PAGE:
- n. Plural form of chinook.
“The kings called chinooks outside Alaska were thick, but streamlined with tails like shovels and the general heft of a pine log.”
“Then the "chinooks" came with their warm winds that changed the snow-laden landscape into a quagmire of mud, water, and open stretches of road which raised all kinds of havoc with the metal cleats.”
“The newlabour gang have been told for years about the dire shortage, old sea kings now almost worn out, a few heavy lift chinooks spending more hours on the ground than in the air, where are the new mega expensive merlins?”
“September 18, 2009 at 3:38 am you are a bunch of chinooks”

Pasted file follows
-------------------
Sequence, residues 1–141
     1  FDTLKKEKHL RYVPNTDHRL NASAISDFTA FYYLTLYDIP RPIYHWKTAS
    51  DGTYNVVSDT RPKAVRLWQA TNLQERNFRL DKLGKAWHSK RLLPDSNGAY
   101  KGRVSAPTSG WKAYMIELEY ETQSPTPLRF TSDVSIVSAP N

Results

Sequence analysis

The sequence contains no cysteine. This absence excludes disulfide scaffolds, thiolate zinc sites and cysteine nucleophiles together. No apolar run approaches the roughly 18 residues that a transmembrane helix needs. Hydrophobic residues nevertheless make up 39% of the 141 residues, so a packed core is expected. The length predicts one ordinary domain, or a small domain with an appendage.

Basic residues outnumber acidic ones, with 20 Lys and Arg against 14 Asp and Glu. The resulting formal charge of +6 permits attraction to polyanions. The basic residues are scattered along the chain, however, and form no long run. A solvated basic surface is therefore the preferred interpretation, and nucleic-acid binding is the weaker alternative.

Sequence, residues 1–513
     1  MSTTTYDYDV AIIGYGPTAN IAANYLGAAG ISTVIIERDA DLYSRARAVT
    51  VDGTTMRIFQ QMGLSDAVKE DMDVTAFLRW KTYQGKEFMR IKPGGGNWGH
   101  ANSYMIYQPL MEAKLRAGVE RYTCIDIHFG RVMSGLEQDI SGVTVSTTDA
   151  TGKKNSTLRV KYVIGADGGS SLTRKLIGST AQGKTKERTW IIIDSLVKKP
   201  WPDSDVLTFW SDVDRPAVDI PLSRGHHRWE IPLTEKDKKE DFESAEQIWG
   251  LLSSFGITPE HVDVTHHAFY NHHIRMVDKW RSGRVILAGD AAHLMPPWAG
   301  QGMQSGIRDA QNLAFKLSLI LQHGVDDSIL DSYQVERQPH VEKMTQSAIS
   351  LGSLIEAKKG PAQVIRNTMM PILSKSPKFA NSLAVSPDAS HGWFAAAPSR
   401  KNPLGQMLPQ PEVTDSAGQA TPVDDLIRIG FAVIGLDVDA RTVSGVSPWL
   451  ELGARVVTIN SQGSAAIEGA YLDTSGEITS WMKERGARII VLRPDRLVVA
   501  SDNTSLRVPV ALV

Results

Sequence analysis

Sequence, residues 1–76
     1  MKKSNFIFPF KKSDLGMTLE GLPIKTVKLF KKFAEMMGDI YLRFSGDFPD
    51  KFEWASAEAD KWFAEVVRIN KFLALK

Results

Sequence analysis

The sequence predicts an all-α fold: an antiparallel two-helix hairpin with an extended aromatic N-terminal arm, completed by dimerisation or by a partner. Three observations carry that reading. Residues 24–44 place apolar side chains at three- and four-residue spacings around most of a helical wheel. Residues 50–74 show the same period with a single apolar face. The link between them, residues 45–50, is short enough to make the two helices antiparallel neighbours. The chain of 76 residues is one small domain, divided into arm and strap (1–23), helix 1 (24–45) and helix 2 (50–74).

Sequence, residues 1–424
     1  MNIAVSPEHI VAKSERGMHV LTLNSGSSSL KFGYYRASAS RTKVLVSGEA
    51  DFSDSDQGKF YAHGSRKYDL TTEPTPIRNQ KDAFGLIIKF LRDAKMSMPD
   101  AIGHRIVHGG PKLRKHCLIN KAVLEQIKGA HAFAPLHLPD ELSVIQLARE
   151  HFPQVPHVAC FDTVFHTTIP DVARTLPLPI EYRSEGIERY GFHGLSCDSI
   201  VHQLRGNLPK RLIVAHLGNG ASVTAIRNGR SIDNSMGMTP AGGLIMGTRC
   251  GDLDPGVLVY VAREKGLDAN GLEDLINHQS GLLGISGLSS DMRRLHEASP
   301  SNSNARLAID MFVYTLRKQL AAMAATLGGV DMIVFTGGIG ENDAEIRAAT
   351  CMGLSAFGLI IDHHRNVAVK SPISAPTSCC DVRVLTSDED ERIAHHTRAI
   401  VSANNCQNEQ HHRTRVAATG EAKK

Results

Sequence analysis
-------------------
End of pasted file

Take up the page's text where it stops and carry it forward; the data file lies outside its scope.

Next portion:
“Sunlight streamed into the water, lighting up 15 -, 20 -, and 30-pound chinooks.”
“Sounds great, but will tese 6 'D' class chinooks be in adition to the 16 new choppers they are expecting?”
“FLYFISHING King salmon (chinooks) require stout fly tackle — 9 - to 10-weight rods with sinking-tip lines, heavy leaders, and large, gaudy flies.”
“That's why many chinooks over 40 pounds start to develop rosy undersides before they leave saltwater forever, but this in no way diminishes their fighting ability or edibility.”
“I've caught many big chinooks on 3 - to 4-inch rattling plugs with large lips, such as the Wiggle Wart series by Storm Lures.”
“A certain amount of trepidation goes with leaving the comfort of a big, deep ocean to enter a much shallower and smaller bay, estuary, or river mouth, and chinooks are nervously poised for instant flight the second something looks or feels wrong.”
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